Labstep implementation: According to the FDA classification above, Labstep is a closed system because the use of the electronic lab notebook requires a login and password which are both unique to the Labstep-system.
- Confidentiality: All records are by default only available to the authors, and authors can share them with other users within the closed system. Sharing rules and access rights can be set up within an organization to further increase confidentiality.
- Authenticity: All records have only one unique/original author that cannot be changed during the entire lifecycle of a document
- Integrity: Every single record as well as changes to a record are tracked in a full audit trail and obtain a timestamp provided by the server-system which cannot be manipulated by users. The deletion of documents is possible after authorization, and can be further controlled by organizational policy.
The ability to generate accurate and complete copies of records in both human readable and electronic form suitable for inspection, review, and copying by the agency. Persons should contact the agency if there are any questions regarding the ability of the agency to perform such review and copy of the electronic records.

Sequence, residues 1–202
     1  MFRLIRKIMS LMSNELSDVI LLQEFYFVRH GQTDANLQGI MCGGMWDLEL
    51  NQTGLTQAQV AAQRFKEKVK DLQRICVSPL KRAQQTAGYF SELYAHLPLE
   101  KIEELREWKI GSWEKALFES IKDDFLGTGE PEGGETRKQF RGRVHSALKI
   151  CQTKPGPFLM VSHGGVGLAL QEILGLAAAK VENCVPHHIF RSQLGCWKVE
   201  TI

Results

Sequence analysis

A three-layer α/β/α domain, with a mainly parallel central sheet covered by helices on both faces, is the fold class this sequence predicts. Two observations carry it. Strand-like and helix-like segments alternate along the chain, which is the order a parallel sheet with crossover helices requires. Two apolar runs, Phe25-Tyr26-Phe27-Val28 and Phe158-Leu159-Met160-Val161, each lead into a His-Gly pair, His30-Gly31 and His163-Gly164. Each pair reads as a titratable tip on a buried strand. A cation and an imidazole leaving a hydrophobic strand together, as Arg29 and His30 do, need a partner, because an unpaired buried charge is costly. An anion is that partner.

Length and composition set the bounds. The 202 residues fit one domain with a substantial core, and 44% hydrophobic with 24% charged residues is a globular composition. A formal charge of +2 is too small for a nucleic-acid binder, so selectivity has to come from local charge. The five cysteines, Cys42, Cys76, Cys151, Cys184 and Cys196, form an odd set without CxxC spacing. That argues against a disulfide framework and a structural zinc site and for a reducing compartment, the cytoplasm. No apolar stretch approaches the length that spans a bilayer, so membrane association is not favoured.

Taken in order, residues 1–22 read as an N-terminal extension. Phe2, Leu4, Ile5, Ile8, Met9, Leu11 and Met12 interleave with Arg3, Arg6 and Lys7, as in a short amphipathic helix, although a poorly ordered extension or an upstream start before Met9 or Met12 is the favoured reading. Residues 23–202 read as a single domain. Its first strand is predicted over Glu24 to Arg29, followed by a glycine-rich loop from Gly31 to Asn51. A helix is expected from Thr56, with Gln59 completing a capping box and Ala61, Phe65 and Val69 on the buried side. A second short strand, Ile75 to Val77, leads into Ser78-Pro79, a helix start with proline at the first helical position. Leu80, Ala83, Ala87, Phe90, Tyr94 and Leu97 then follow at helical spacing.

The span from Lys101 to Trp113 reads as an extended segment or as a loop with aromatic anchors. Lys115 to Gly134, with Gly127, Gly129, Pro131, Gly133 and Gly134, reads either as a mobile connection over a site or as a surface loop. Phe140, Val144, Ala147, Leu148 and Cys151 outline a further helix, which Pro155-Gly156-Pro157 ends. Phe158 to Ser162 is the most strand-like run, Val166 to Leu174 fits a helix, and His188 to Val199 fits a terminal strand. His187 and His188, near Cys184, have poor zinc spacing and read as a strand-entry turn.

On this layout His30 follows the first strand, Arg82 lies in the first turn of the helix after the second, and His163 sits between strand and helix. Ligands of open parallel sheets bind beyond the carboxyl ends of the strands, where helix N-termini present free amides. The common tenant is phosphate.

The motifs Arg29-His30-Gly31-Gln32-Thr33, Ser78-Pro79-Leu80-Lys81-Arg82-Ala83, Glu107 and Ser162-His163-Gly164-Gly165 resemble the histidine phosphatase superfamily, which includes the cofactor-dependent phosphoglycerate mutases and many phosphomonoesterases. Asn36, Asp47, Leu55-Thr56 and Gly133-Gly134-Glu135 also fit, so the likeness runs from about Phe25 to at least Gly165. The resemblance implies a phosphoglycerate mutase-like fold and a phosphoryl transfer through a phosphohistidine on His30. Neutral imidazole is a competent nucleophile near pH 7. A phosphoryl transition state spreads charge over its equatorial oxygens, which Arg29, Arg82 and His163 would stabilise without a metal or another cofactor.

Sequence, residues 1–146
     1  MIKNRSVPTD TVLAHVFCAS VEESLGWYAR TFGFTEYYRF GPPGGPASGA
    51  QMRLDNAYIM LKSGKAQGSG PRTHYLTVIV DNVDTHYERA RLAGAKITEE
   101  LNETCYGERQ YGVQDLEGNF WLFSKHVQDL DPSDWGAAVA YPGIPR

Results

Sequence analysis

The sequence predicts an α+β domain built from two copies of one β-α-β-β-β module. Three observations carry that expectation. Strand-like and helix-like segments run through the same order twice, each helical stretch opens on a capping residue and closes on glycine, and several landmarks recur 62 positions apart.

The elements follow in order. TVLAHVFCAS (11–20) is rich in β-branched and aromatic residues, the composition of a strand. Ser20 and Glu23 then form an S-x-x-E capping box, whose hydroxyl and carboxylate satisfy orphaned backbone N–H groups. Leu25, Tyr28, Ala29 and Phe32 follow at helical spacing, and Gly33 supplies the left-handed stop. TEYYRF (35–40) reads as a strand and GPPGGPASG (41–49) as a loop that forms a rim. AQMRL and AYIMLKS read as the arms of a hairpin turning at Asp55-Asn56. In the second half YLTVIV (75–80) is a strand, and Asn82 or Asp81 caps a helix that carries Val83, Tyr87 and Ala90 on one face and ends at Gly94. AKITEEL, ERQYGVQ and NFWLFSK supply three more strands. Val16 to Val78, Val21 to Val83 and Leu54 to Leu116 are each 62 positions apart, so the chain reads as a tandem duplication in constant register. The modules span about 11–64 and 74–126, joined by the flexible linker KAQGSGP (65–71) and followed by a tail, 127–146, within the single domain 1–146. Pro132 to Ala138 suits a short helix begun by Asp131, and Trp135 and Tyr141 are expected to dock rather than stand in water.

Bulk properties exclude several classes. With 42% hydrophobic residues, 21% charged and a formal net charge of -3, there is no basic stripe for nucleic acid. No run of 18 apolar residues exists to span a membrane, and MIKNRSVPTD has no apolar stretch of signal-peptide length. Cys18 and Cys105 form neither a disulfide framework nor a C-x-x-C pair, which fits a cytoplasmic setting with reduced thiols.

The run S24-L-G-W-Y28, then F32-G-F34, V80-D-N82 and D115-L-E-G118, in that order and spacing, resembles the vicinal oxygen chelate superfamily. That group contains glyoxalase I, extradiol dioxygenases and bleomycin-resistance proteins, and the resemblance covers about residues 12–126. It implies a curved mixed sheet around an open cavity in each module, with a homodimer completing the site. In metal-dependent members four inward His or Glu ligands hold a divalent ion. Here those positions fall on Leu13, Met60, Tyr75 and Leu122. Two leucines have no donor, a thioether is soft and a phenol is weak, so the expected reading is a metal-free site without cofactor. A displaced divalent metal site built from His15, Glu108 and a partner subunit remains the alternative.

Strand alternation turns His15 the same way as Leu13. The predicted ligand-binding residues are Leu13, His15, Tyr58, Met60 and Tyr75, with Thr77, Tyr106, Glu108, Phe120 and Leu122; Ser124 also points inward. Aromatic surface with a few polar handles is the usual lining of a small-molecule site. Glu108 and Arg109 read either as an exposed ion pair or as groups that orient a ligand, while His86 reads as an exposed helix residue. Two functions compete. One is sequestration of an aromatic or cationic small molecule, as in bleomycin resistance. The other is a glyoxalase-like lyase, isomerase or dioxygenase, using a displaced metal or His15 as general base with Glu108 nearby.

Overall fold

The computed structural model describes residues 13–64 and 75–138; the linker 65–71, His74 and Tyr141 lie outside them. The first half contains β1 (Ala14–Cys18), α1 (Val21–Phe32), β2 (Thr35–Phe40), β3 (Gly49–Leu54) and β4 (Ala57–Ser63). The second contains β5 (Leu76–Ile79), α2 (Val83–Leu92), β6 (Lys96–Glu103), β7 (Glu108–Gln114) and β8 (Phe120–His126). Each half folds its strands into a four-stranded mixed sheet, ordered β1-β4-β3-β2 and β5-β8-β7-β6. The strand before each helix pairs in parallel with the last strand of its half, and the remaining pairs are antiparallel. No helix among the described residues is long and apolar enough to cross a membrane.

- Labstep implementation: Access to records in the closed system can be granted to any individual or organization, and PDFs of records can be exported anytime. In both implementations, third parties can review records, authors, time stamps, audit trails and electronic signatures.
Protection of records to enable their accurate and ready retrieval throughout the records retention period.
- Labstep implementation: In the cloud version, records are stored for three years beyond the subscription period unless explicitly being deleted by the user. Thus, Labstep complies with the standard “records retention period” of 21 CFR Part 11. On local server installations, retrieval throughout the records retention period is within the responsibility of the hosting organization.